It's hardly the first time... since Thailand overthrew its absolute monarch in 1932, it has seen nearly 30 coup attempts, according to The Washington Post.
UPDATE: 5/22/14 10:40 AM ET
This is what a media takeover looks like
The clampdown on the media was splashed across Thailand's TV screens:
UPDATE: 5/22/14 8:40 AM ET
The Thai army has declared a coup d'etat
Reuters — Thailand's army chief General Prayuth Chan-ocha seized control of the government in a coup on Thursday, two days after he declared martial law, saying the army had to restore order and push through reforms.
Prayuth made the announcement in a television broadcast after a meeting to which he had summoned the rival factions in Thailand's drawn-out political conflict, apparently with the aim of finding a solution to six months of anti-government protests.
"In order for the situation to return to normal quickly and for society to love and be at peace again ... and to reform the political, economic and social structure, the military needs to take control of power," Prayuth said.
The military later declared a curfew from 10 p.m. until 5 a.m.
Thailand is locked in a protracted power struggle between supporters of ousted former premier Thaksin Shinawatra and opponents backed by the royalist establishment that has polarized the country and battered its economy.
The Thai army has a long history of intervening in politics — there have been 18 previous successful or attempted coups since the country became a constitutional monarchy in 1932, most recently when Thaksin was deposed in 2006.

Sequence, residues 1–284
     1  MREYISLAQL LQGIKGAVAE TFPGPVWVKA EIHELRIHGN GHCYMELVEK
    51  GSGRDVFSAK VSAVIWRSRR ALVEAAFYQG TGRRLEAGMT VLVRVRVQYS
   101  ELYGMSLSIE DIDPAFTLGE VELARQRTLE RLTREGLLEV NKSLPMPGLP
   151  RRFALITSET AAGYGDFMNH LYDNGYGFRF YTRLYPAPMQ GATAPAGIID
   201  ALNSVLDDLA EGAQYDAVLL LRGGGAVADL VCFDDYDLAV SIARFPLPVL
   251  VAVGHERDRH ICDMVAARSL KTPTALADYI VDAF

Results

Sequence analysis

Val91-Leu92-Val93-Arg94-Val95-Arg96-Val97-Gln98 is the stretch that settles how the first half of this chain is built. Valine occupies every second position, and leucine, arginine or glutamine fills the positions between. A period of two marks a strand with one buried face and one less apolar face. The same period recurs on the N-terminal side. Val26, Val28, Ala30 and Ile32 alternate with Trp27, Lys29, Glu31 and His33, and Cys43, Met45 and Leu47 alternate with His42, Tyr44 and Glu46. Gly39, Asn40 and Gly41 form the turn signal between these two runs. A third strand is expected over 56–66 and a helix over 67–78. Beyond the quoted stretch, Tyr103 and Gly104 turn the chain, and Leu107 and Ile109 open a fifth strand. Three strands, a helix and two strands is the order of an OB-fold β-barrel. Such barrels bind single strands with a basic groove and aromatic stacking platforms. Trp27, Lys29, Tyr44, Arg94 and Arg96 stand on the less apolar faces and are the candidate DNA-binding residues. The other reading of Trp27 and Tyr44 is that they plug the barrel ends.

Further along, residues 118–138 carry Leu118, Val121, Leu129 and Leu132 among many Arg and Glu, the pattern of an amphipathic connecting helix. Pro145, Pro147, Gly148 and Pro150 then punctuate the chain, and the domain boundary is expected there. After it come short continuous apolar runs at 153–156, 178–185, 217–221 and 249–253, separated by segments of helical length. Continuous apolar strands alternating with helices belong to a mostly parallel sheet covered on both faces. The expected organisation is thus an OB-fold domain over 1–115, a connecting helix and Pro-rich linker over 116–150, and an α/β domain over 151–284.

Hundreds of soldiers surrounded the meeting at Bangkok's Army Club shortly before the coup announcement and troops took away Suthep Thaugsuban, leader of the protests against the pro-Thaksin government.
More from GlobalPost: Thailand’s democracy is being dismembered, limb by limb
Some of the other meeting participants were being held back in the venue afterwards, said a Reuters reporter waiting outside.
The army ordered rival protest camps to break up and soldiers fired into the air to disperse thousands of pro-government "red shirt" activists gathered in Bangkok's western outskirts, a spokesman for the group said.
The military detained at least one leader of the activists, said the spokesman, Thanawut Wichaidit.
A Reuters witness later said the protesters were leaving peacefully. Earlier, their leader, Jatuporn Prompan, said they would continue their rally despite the coup and the order to disperse.
The army had declared martial law on Tuesday, saying the move was necessary to prevent violence, but it rejected accusations its actions amounted to a coup.
Call for compromise